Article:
These seven tips will help you break your personal race records without dreading the workouts.
Play Around With Speed1 of 8
"One thing people don't do enough is play around with different speeds," says Jason R. Karp, Ph.D., San Diego-based running coach and author of 101 Developmental Concepts and Workouts for Cross Country Runners. "If you go out and jog every workout at the same speed, you'll simply get good at going that speed."
But, Karp says, "If you do intervals or fartleks (unstructured periods of going faster and slower) during a run, you'll learn what it feels like to run fast."
Karp also recommends doing strides at the end of the run. Strides are 20 to 30 seconds of running faster—not quite a sprint, but a controlled effort that's quicker than your normal run.
Get the Stress Out2 of 8
"To run fast, you have to remain relaxed," says Todd Weisse, cofounder and head coach at the Williamsburg Track Club (Brooklyn and New York City) and a volunteer assistant coach at Columbia University.
"When the jaw, face, arms and limbs start to tense up, there's deceleration," Weisse says. "You can either do your workout with pinched eyes and a scrunched-up face, or through a nice, relaxed face and a nice, relaxed jaw."
Relax your face and let your legs do the work.
Get Off Your Heels3 of 8
"Too many people strike the ground on their heels. That engages a braking mechanism that conflicts with running fast," says Weisse, who's coached many recreational runners to complete marathons. "Speed starts with a forefoot strike," he says, "this allows you to spend less time in contact with the ground and move over it faster."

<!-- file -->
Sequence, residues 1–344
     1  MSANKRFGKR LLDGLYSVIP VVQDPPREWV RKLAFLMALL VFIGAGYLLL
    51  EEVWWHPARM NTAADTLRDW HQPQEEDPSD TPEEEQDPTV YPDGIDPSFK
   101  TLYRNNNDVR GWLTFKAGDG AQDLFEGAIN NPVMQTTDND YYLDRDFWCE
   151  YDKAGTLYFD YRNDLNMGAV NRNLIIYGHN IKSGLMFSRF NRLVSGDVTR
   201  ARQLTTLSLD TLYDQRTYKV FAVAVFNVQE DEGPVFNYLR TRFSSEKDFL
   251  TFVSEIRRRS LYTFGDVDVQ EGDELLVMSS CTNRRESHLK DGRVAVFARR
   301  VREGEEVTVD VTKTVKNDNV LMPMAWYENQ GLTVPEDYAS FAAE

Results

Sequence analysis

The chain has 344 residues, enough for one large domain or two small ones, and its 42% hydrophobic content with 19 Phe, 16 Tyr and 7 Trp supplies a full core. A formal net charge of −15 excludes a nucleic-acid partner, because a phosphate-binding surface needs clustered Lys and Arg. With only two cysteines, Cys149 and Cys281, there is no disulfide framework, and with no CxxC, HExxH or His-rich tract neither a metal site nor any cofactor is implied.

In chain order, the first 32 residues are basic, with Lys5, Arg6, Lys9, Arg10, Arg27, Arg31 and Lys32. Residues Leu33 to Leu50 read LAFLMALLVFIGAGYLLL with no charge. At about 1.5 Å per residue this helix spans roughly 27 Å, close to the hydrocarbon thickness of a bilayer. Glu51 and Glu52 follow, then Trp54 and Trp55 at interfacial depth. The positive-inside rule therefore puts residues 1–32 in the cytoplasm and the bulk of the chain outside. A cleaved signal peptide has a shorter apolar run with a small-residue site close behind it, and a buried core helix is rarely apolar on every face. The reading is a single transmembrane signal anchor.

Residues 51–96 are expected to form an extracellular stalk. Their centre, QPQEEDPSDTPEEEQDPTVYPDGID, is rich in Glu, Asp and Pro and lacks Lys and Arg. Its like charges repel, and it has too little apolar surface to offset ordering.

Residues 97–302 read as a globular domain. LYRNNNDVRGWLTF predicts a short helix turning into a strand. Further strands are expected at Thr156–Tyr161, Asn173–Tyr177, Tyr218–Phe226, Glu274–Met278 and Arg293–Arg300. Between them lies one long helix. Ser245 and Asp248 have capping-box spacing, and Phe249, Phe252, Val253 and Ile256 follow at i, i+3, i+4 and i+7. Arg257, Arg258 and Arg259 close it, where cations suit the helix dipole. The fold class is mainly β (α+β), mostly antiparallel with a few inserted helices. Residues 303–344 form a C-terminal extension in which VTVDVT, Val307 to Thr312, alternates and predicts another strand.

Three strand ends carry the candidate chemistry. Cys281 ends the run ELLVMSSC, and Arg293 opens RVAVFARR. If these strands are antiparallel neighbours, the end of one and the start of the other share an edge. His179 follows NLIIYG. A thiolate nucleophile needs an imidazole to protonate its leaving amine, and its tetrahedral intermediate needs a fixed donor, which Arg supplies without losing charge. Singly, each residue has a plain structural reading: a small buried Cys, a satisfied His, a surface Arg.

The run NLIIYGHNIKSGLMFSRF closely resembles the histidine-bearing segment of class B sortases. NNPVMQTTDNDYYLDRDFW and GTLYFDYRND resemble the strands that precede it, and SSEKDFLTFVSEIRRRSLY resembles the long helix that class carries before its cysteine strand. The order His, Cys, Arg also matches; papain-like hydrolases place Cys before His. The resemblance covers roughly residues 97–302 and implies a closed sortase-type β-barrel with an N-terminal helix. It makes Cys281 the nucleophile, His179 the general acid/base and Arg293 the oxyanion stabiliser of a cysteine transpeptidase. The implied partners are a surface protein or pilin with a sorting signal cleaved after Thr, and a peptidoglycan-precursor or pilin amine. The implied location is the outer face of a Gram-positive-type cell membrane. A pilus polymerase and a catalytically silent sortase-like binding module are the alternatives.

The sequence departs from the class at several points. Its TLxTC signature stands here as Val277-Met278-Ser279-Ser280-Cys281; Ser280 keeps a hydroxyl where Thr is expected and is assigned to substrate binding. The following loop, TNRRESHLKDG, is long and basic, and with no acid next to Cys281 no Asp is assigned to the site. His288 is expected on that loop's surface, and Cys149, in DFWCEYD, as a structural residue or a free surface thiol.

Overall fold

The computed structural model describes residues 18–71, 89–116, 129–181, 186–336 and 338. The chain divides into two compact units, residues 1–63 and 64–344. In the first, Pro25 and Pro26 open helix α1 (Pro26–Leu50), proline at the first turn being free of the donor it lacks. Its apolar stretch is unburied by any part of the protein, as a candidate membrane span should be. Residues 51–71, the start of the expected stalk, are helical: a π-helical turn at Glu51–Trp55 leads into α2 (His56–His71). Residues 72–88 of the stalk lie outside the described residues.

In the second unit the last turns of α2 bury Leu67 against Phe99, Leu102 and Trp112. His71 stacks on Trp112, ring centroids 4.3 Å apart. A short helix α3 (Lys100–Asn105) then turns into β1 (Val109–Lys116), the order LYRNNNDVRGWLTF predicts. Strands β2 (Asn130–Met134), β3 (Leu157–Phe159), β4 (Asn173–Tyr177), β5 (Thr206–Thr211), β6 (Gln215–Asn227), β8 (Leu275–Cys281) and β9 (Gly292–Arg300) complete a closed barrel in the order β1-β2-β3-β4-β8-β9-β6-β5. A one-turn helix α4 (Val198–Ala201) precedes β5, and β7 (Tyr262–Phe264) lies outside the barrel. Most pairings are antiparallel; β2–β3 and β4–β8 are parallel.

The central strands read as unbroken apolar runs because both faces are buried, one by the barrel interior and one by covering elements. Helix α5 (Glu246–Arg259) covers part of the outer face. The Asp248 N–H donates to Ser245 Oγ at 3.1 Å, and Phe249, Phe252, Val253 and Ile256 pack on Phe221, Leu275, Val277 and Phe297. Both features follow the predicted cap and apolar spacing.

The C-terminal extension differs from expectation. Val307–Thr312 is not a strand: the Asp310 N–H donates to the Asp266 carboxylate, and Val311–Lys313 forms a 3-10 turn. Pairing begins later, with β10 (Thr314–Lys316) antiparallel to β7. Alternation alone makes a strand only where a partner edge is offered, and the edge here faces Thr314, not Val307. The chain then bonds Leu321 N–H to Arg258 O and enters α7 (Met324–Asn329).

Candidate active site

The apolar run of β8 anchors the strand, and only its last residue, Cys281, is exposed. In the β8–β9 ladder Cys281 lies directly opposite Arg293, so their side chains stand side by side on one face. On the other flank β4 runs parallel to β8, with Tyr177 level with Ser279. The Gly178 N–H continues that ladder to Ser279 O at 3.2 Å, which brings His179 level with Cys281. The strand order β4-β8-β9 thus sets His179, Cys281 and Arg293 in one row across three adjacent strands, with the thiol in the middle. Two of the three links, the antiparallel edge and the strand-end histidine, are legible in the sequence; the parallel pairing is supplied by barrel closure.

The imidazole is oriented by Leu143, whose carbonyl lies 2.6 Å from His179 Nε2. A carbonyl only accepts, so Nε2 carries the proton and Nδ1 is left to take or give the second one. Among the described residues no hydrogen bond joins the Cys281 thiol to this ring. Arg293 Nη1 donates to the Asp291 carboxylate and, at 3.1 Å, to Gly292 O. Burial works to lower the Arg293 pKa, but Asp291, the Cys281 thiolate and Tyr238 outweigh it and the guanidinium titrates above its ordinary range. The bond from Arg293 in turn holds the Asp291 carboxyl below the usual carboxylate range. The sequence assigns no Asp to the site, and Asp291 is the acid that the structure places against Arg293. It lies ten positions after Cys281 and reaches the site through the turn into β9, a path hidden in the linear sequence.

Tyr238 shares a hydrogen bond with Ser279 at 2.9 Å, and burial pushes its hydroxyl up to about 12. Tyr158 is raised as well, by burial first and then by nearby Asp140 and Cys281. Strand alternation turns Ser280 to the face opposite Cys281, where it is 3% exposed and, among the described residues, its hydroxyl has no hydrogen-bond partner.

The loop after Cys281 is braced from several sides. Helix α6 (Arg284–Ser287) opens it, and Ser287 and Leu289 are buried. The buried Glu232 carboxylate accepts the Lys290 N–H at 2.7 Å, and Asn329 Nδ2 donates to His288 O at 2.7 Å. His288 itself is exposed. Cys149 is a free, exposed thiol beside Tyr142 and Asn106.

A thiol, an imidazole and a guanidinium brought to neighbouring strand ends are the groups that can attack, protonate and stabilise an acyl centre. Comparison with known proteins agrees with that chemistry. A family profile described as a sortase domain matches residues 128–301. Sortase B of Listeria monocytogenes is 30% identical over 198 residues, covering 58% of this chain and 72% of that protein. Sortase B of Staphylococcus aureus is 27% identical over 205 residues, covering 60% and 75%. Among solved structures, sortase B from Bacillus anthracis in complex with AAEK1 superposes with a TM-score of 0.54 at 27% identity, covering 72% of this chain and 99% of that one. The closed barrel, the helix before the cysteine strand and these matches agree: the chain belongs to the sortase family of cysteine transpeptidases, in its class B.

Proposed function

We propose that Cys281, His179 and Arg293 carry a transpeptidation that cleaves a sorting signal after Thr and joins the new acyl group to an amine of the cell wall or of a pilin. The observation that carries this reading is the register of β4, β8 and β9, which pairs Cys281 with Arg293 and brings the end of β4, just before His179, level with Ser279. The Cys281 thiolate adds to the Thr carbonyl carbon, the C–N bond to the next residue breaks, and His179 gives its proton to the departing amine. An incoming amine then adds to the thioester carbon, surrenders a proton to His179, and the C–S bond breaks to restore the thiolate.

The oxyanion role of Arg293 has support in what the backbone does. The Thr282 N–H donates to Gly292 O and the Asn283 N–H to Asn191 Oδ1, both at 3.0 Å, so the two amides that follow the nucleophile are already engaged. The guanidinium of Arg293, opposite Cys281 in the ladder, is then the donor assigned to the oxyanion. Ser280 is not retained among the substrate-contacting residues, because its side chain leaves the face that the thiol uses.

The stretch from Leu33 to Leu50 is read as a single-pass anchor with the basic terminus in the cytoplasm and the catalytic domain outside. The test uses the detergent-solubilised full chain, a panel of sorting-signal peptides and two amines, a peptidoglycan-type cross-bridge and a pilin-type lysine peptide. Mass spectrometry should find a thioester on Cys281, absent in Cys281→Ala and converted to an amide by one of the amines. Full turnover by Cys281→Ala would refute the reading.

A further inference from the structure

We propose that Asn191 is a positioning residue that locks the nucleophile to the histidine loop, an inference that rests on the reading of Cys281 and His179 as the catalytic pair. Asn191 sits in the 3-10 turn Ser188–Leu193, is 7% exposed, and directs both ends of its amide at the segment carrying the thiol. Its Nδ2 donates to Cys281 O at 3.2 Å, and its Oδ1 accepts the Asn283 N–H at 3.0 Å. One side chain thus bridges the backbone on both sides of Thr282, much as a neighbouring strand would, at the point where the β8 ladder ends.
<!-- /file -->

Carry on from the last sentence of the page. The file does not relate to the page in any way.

Changing from landing on your heel to landing on your forefoot doesn't happen overnight (and it's not a bad idea to grab yourself a coach to help you do it). Get the feel for landing on your toes by jumping rope or skipping, then try to incorporate that feel into your run—but don't try to do your whole run that way tomorrow.
"There's a cost to the calf when you make that change. It's never really been used that way and will be sore. Make the switch slowly and practice landing on the forefoot over and over again. It takes two or three months, but it's completely worth it," Weisse says.
Stay Off the Ground4 of 8
"A lot of new runners spend a lot of time on the ground and let their weight settle into every step," Karp says.
Counter that with drills that help you generate a "pop" off the ground as soon as you make contact with it. A great one, according to Karp: hopping up bleacher steps on one foot.
Push Down and Back5 of 8
"To run fast you need to apply force in a horizontal way," Weisse says. Bounding around a track doesn't get you around it faster; it just makes you more tired.
Think about it like this: If you wanted a plane to move horizontally, you wouldn't place the engines vertically. So when you run, Weisse says, "focus on pressing your forefoot down into the track and pressing back through the foot and activating your glutes as you push off so you're moving down the track horizontally."
Watch the Pros6 of 8
One of the best ways to get your running form right and your speed up is to watch great runners.
"All baseball fans know who Derek Jeter is, but most runners don't know who the running pros are, like Paula Radcliffe or Shalane Flanagan," Weisse says. "We encourage our runners to watch and imitate the athletes who are the great craftspeople of our sport."
Be Consistent7 of 8
When it comes to running faster, more frequent short runs are better than one longer run, Karp says.
A lot of the adaptations your body is making are neuromuscular, and the more times you practice the right form, the more it becomes ingrained, and the easier it will be to run fast during your next race.